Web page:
Last week I did an Ignite talk at #cipdnap17 on the subject of Work Life Balance and how I go about creating A Perfect Day. Given that it is, by coincidence, Go Home On Time Day on 21 June, the timing seems apt to expand on this.
I’m grateful to Gemma Dale for publishing her own excellent blog on this subject which made me think about writing this one.
Read hers, then come straight back here. I’ll wait.
My Ignite talk was again delivered as a rhyme, and I really enjoyed doing it. I drew some inspiration not just for the talk but for my whole approach to work life balance from Nigel Marsh’s excellent TED talk on the subject some years ago.
My talk was filmed and you can watch it here if you like.
In it, I’m making, in a fairly haphazard way, a few key points which I’ll expand on here.
1. That there is something that approximates a perfect day for everyone, but it is a rare and unusual thing. Too often we don’t make efforts to create it, as we are too busy or (worse) don’t realise what we need or (even worse) do realise but do nothing about it. My point was that by making some very small adjustments to your day, and helping others to do the same, our organisations and our families can reap huge rewards.
2. In HR we could take a leading role in educating managers and employees on the benefits of flexibility. However this doesn’t often seem to happen, and even when leading by example I’ve encountered suspicion and mistrust. But our ability to influence is there and should be used.
3. The demands of modern family life are often largely incompatible with the demands of the traditional working day and traditional organisation. So one of these sets of demands has to change, and the only one we in HR can realistically influence on behalf of others is the latter. But again by leading by example we can show people how to manage the demands of both.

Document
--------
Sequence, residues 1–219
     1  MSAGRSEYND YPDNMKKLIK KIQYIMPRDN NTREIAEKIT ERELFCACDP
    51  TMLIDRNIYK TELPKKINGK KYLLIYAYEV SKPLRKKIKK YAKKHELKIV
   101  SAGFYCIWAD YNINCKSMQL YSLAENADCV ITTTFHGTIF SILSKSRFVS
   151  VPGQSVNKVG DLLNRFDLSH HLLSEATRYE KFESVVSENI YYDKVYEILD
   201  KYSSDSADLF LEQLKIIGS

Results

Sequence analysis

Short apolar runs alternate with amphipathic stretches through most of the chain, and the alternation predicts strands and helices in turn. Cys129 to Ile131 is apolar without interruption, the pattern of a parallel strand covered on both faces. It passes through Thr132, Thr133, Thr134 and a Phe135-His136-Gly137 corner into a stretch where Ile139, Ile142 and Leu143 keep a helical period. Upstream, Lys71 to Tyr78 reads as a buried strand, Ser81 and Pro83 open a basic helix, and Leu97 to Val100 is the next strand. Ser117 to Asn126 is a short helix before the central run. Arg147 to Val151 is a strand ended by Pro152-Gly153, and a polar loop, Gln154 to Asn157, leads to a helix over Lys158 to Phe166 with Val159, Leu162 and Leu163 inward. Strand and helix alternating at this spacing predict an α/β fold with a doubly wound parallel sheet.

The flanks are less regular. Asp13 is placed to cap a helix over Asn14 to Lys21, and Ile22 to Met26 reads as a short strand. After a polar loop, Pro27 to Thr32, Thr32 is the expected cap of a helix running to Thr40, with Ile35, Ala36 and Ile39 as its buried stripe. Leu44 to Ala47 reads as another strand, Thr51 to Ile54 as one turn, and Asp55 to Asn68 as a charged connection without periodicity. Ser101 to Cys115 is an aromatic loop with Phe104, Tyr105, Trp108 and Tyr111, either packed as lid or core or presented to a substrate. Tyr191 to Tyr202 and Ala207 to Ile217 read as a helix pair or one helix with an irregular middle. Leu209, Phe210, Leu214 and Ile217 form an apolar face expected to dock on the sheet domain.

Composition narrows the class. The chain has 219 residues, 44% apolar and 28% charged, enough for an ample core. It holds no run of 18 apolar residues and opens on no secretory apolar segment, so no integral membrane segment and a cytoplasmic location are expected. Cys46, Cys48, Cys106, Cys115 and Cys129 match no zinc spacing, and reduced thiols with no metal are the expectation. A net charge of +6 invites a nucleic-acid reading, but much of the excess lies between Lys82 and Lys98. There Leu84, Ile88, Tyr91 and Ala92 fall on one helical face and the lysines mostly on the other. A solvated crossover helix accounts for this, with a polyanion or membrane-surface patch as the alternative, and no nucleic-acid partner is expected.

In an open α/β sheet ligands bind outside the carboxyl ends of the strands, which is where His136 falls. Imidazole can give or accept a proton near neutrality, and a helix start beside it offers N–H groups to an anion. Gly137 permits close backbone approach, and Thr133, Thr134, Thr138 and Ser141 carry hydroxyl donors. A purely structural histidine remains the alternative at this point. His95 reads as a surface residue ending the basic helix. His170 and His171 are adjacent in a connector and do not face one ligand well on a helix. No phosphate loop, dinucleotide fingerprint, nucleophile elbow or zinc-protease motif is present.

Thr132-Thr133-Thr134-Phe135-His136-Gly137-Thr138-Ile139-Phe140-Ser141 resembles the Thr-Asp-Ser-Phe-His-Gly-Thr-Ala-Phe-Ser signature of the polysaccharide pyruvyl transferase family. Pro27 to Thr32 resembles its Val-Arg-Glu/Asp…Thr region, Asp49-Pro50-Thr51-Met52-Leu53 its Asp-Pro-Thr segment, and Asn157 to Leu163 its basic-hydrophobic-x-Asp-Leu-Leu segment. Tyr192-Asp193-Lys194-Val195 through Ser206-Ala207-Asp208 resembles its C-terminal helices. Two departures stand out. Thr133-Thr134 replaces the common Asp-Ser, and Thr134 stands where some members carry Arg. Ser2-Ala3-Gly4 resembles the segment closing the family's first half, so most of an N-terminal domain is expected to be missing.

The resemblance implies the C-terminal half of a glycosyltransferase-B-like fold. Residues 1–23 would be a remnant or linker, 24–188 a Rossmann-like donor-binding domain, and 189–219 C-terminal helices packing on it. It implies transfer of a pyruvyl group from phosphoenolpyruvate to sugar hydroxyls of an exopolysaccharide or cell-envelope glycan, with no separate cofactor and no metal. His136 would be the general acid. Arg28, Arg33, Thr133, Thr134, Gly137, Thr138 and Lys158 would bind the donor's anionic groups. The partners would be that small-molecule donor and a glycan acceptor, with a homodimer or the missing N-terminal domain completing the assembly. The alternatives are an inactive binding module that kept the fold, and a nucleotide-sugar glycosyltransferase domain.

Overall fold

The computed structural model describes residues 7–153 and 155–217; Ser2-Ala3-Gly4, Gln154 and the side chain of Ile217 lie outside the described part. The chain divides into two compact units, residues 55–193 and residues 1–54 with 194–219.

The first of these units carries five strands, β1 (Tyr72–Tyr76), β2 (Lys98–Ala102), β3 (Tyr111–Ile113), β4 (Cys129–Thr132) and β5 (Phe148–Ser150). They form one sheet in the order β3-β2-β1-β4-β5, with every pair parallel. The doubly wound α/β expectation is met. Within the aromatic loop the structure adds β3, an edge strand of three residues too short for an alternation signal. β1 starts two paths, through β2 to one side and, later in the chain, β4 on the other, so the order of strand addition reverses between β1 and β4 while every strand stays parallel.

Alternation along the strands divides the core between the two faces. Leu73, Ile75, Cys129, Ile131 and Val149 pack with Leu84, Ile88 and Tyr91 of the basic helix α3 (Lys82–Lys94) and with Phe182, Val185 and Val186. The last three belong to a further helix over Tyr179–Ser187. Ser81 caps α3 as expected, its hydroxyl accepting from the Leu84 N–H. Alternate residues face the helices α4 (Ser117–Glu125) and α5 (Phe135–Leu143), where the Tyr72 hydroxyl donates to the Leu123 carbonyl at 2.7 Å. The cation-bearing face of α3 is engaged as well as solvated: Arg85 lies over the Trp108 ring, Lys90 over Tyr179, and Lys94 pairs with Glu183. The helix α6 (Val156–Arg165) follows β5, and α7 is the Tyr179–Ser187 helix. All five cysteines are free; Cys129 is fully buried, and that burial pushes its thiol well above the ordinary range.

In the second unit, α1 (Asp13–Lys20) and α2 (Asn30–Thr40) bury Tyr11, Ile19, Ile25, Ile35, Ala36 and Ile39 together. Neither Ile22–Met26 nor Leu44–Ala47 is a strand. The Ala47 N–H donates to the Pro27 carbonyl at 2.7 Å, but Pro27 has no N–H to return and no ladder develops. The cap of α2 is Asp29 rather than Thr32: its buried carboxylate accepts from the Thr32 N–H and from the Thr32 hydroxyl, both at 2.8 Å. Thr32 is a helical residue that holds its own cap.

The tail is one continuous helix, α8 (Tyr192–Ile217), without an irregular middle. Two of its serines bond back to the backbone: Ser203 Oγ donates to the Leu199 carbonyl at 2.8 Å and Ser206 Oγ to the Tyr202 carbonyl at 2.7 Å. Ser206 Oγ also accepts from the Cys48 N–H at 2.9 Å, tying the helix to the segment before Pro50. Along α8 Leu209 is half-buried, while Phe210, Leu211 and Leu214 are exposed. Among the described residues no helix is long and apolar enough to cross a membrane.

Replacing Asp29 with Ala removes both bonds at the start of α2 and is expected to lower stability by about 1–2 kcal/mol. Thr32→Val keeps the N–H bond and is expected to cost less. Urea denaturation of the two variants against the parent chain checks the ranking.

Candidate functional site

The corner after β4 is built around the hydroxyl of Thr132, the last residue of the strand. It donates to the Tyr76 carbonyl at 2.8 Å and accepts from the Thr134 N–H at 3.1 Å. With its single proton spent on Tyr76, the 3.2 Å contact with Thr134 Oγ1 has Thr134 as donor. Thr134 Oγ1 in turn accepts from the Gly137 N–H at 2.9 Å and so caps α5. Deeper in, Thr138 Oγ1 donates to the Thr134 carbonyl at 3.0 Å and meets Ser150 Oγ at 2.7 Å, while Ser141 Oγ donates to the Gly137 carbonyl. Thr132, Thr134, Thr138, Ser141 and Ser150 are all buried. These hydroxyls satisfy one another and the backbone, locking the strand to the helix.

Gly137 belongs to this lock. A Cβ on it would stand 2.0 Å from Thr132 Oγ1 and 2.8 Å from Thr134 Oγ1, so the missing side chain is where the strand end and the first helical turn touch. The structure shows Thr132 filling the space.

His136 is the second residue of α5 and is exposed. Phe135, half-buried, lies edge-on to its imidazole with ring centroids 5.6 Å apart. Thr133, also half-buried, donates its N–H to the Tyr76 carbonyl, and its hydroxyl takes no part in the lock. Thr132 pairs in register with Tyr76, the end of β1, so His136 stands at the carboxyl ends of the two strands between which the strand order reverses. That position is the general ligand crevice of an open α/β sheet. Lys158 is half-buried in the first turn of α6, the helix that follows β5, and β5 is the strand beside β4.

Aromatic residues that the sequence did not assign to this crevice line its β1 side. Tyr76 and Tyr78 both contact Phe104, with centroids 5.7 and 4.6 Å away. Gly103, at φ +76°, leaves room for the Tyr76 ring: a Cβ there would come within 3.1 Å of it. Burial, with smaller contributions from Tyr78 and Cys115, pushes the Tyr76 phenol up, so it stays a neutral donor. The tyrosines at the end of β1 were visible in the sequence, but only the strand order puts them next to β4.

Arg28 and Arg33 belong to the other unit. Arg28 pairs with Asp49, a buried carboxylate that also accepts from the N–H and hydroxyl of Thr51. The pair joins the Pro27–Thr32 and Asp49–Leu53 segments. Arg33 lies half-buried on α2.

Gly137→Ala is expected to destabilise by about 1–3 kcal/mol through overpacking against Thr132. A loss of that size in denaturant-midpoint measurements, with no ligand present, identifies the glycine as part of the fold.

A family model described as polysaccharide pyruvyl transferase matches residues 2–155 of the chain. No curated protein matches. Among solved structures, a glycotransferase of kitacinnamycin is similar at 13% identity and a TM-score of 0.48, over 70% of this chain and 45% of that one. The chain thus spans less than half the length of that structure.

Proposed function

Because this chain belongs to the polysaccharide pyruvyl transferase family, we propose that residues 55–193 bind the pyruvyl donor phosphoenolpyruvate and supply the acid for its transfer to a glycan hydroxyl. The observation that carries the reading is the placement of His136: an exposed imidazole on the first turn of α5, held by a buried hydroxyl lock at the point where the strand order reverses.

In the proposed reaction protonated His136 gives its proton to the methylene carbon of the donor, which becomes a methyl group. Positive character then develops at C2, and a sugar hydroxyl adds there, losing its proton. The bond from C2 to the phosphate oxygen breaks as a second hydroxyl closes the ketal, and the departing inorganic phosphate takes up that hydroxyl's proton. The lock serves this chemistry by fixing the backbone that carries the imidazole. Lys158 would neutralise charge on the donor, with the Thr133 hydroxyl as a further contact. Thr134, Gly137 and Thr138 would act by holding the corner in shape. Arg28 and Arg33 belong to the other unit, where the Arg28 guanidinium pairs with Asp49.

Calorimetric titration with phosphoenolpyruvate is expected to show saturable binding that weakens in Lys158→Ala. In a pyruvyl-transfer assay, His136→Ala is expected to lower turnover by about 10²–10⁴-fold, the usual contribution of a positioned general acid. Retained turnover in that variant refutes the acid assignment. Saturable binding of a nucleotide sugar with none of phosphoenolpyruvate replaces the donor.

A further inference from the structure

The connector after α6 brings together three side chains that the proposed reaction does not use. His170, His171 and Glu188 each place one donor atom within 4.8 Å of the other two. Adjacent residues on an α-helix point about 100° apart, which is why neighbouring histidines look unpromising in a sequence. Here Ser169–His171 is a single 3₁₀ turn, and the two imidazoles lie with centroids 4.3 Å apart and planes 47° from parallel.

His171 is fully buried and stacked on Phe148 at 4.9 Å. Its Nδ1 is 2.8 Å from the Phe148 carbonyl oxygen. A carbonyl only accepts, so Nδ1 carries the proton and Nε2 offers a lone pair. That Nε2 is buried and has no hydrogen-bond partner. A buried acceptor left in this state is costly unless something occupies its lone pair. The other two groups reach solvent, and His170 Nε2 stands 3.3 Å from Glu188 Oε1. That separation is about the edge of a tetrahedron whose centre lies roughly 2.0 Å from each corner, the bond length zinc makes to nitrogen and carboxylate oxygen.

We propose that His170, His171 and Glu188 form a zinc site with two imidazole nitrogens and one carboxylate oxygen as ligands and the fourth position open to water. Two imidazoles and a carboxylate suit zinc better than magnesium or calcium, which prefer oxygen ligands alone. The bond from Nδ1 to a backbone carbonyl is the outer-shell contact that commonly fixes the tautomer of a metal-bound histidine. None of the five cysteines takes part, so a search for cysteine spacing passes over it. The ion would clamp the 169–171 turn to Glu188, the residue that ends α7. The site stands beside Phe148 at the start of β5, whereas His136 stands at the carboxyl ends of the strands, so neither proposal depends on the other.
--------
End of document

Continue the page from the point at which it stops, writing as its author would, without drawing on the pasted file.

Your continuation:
4. Organisations who tell their staff how to work, how to dress, when to take lunch and for how long, what hours to work etc are going about it all in the wrong way. They can’t unlock the engagement and discretionary effort they want from their staff unless they change. Too many organisations judge people by how many hours they are sat at their desk, and not by the quality of output they deliver. If someone wants to take an hour or so off to do the school run and help their kids with their homework, and then will log on late at night and catch up, does it really matter as long as their work is done?
5. Working in the evening or at weekends is a personal choice and not one that should be encouraged or expected by organisations. Too many see emails sent late at night or at weekends as a sign of being some kind of workplace hero, as working harder or more than someone else. If you want to do it, fine – but set your emails to send first thing in the morning so you don’t impose your lifestyle and working patterns on others.
6. You are never too busy to spend time building working and family relationships and a coffee catch-up with someone is time well spent no matter what else you need to be doing. Telling someone you’re too busy to grab a coffee says less about your workload and more about you as a human being.
So if it’s Go Home On Time Day, I suppose this will mean different things to different people.
And that’s ok, because everyone’s perfect day is different. Everyone’s perception of work life balance is also different.
But in organisations, as HR professionals, we need to be encouraging people to explore what it means for them. To adopt a trial and error approach and, as I’ve mentioned before, present successive drafts of themselves.
We shouldn’t judge anyone for trying to get themselves balanced.
Till next time.
PS in other news, I’ve recently built a large climbing frame. I am reminded why I hate DIY and also how poor I am at it. I would happily outsource all of this if I could. And I have a new shed to build next…